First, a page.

Does Your Dog Have Storm Phobia?
Can Your Dog Smell Lightning?
Does your dog show one or more of these symptoms when a thunderstorm is approaching?
- Clinging to you
- Hiding in a closet or jamming themselves in some tiny spot like behind a toilet
- Running through your electric fence
- Excessive shaking
- Unusual whining
- Frantically destroying rugs and furniture
Likely your dog is experiencing thunderstorm phobia which is not uncommon, and shouldn't be ignored, experts say. According to pets.webmd “Veterinarians don't know all the triggers but suspect the dogs are set off by some combination of wind, thunder, lightning, barometric pressure changes, static electricity, and low-frequency rumbles preceding a storm that humans can't hear.”
Long before a severe storm approaches, dogs can be seen pacing, panting and acting in an agitated way—even though skies are perfectly sunny. Is it possible that he has a sixth sense when it comes to predicting storms? Or is there a scientific explanation? While no one can be 100% certain, it's likely that some dogs know a storm is brewing because they hear it, smell it, even feel it, long before we do.
With their keen ears, canines can hear at much higher and lower frequencies than we do. A dog can hear a faraway rumble of thunder that you might miss. In addition, a dog's nose is so sensitive, it can detect odors a billion times better than humans. Since lightning ionizes air with the formation of ozone—which has a characteristic metallic smell—it's possible that dogs detect this odor, or some other odor, associated with the storm.
Dogs are also more attuned to changes in barometric pressure than humans. A drop in pressure signals that conditions may be right for a storm to develop. So a dog may learn to associate the feeling of a pressure drop with the arrival of a storm.
"What’s important to remember is that dogs suffering from thunderstorm fear are not misbehaving," comments animal behaviorist Lindsay Wood of the BoulderValley Humane Society. "They’re displaying symptoms of anxiety.The anxiety often gets worse throughout the season as storms become more frequent."
Your dog may also begin to associate a particular startling noise with other things in her environment, and she may grow afraid of these other things because she associates them with the loud noise that frightens her. For example, dogs who are afraid of thunder may later become afraid of the wind, dark clouds, and flashes of light that often precede the sound of thunder.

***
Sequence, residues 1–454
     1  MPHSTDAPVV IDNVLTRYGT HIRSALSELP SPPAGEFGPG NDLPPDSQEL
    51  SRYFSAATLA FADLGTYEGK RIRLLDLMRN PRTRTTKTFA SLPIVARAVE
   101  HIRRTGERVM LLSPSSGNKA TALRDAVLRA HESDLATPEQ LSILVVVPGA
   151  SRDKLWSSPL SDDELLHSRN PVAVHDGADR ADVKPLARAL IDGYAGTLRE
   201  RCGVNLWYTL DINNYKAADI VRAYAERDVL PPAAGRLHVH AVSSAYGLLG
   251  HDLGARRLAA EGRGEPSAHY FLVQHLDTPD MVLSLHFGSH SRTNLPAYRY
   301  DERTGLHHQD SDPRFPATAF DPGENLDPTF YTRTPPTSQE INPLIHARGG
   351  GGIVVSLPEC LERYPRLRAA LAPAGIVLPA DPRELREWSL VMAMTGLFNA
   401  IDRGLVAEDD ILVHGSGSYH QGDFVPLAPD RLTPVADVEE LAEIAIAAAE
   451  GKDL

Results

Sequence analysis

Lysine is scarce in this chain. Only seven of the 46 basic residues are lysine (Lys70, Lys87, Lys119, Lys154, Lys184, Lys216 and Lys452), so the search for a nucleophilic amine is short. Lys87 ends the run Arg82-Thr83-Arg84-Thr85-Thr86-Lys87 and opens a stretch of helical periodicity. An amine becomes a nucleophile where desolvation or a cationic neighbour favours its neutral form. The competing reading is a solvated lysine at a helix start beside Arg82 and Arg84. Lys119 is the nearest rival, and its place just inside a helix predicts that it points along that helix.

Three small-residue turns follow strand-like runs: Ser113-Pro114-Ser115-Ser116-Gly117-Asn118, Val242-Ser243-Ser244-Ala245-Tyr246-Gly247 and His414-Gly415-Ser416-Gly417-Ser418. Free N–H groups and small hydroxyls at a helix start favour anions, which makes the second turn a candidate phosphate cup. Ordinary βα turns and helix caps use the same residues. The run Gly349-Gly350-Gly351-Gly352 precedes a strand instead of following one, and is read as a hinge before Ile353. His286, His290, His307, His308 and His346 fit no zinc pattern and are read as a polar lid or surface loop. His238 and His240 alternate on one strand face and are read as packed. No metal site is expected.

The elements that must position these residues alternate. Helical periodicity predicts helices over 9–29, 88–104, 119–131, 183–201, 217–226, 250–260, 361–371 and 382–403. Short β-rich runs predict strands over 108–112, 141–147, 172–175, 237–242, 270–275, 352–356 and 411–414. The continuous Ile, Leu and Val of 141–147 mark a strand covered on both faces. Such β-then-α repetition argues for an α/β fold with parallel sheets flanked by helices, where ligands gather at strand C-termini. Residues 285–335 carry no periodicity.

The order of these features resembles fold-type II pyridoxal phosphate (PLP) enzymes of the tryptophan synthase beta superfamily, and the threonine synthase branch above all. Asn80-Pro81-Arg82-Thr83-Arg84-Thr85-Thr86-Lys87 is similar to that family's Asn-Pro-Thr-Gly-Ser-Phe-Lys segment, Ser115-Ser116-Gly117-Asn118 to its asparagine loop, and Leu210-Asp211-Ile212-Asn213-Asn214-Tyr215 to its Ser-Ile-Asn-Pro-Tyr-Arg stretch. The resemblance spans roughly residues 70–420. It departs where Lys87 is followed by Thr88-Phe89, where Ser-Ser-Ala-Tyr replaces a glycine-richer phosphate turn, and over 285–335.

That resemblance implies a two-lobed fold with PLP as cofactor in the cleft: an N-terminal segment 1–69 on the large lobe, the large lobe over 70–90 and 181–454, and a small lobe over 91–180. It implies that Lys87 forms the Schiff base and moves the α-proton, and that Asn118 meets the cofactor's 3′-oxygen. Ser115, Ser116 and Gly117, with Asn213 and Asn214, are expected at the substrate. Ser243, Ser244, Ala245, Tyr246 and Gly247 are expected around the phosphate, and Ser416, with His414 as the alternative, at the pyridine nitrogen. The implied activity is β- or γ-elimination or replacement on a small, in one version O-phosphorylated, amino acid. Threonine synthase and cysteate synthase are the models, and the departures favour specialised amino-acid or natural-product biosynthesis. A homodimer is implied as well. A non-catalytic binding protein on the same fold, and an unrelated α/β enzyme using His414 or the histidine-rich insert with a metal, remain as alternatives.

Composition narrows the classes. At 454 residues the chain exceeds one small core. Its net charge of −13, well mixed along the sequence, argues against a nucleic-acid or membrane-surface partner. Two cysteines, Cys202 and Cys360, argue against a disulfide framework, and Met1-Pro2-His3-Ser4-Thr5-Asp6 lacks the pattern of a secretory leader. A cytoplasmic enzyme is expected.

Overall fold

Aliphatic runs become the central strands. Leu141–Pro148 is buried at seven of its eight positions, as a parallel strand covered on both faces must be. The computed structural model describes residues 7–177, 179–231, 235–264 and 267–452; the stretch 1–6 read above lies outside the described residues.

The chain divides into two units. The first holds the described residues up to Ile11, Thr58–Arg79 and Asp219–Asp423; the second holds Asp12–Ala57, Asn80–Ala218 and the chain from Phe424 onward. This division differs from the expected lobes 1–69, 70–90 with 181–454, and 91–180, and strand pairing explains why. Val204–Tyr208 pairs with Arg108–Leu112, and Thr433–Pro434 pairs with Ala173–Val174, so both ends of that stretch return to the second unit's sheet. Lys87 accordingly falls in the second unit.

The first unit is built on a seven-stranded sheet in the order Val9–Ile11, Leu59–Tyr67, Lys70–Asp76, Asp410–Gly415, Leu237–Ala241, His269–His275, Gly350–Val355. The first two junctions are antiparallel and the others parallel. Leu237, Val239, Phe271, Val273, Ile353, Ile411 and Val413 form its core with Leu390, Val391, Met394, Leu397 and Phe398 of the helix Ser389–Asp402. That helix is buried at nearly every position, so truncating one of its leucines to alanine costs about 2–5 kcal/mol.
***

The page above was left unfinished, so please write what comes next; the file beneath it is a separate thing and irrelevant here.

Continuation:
Working and sporting breeds (e.g. Collies, German Shepherds, Beagles, and Basset Hounds) are particularly prone to storm phobia and breeds that tend to show separation anxiety are often more prone to storm phobia.
Vets, dog trainers and experts in the field are consistent in their approach to helping dogs with a fear of thunder.
1. Distract your dog and try to get him to play with his favorite toy or play with a family member. The key is finding an activity that he likes to do from the moment he shows any signs of anxiety even if you can’t see the storm outside yet.
2. Give the dog a safe place where s/he can go in a storm. – a basement, a bathroom, an interior room without windows, a room with music. "White noise," such as running a fan or air conditioner may aid in reducing anxiety.
3. Many experts encourage desensitization and behavior modification. Begin by exposing your dog to an intensity level of noise that doesn't frighten her and pairing the noise with something pleasant, like a treat or a fun game. Gradually increase the volume as you continue to offer her something pleasant. Through this process, she'll come to associate "good things" with the previously feared sound.
What NOT to do:
While the extra sensitivity of an animal’s five senses can sometimes be a challenge in situations like thunderstorms, that extra sensitivity when compared to humans, can be a life safer. In a recent tidal wave more than 200,000 people died, yet almost no wild animals perished except those in cages which they could not escape. Observers report that the animals seemed to have some warning, whether by several hours or just seconds, that allowed them, and the people who heeded those warnings, the chance to find safety.
- This may only reinforce her fearful behavior and she may interpret this as a reward for her fearful behavior.
- to prevent her from being destructive during a thunderstorm. This can lead to severe injury.
- Punishment will only make her more fearful.